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Old November 21st, 2007, 04:36 PM
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Jon_Winningham
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Air Compressors

What specs should I look for in an air compressor?
I need a cheap electric one for the garage. I will not use it much, just to run air tools like an impact wrench.

HP?
PSI?
Tank Size?
ect...

Thanks!
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  #2  
Old November 21st, 2007, 06:43 PM
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Andrew Najarian
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PSI - you want one that can run 90-125 probably.
CFM - The higher the better...this is the most important one probably. A big tank with high pressure is useless if the compressor can't fill it anywhere near as quickly as you are using it. An impact is going to need a few PSI or you are going to have to wait for the compressor after each bolt.
Tank size doesn't seriously affect price so I would get one as big as you can that fits reasonably in the space you are willing to devote to it. Remember, a big permanently mounted compressor needs a couple feet in every direction to cool properly so you can't stick it all the way in the corner.
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Old November 22nd, 2007, 12:46 PM
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Neil Steinhagen
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I just searched craigslist in your area. There are plenty to choose from. Direct drive and belt drive. Vertical and horizontal. Once you have one, you may wonder what you did without one and may hate yourself for going cheap and small. Belt drive will give you the most life but will put atomized oil in your line. The only disadv with this is when it comes to using your compressor for painting. An impact wrench will use 4-8 CFM. This is not a lot. When considering the tank pressure, most you will find are 125 psi, while most tools run on 90 psi. So run your tank at max pressure and buy an in-line regualtor for ~ $20 and set it at 90 psi. Some Sears air compressors get up to 225 psi. I think these are mostly their vertical, 2 stage compessors. CFM matters when you start running cutoff wheels and sanders.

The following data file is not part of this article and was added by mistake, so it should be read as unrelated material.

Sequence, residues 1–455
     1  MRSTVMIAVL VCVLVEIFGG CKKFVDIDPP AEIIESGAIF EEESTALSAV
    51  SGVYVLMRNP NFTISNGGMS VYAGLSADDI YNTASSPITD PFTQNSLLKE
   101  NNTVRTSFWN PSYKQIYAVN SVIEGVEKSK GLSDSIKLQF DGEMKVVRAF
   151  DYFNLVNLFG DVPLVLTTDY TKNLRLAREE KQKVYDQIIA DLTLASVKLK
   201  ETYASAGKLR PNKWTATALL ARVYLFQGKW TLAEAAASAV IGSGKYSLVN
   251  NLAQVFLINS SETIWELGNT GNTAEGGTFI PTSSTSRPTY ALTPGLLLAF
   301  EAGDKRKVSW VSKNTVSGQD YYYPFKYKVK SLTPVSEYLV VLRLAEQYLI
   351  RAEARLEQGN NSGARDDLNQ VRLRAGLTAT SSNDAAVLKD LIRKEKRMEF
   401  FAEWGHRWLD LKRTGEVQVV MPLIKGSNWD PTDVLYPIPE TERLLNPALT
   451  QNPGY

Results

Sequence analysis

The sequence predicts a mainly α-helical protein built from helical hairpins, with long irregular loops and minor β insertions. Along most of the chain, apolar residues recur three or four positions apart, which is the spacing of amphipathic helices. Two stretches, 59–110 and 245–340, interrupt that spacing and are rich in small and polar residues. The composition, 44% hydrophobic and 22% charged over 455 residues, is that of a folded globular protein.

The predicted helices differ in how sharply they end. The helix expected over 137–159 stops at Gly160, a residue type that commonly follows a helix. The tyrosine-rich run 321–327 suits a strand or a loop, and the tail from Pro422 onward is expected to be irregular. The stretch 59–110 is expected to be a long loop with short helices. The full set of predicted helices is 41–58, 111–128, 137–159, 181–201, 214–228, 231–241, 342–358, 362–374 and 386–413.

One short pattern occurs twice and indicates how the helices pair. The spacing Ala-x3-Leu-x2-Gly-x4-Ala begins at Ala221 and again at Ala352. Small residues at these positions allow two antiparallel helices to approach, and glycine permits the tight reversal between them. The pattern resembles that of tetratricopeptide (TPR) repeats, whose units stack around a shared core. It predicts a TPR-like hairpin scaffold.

A note about stages. Some compressors will boast twin cyclinder. This not the same as two-stage compressors. Twin cylinder means that the compressor simply uses two cylinders to compress the air from 14.7 psi (atmospheric) to 125 psi. Two-stage means that one cylinder takes it from 14.7 to 90 psi, discharge to the second stage, where it is pressed up to 125 psi or higher in most cases. By using two stages, the air compressor operates more efficiently and usually results in a higher CFM rating. This also produces less heat, which means less wear on the compressor and most importantly, less condensation in your tank. This is why it's important to always drain your tank when your done using it. A neat feature I've seen on newer compressors is finned discharge tubing from the compressor to the holding tank. This helps to cool the air before it gets to the tank.

If I had to buy one new, I would buy a belt driven, 30 gal, vertical compressor that runs on 120/240. Northern Tool sells one here: http://www.northerntool.com/webapp/w...1705_200311705

Vertical-Takes up less real estate in the garage
120/240-wired for 240 -> draws less line amps -> cheaper to run
wheels-can be taken to a job site
cast iron belt driven-will outlast a direct drive

I ended up buying one on ebay-60 gal, 240V-because the price was too good to be true ($150). Never regretted it. Good Luck

-Neil
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Old November 23rd, 2007, 02:15 PM
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Thanks Neil, and Andrew for all the info...

Do any of you think this one would do the job?

http://cgi.ebay.com/3-5-HP-10-GAL-AI...QQcmdZViewItem

eBay# 220174353021
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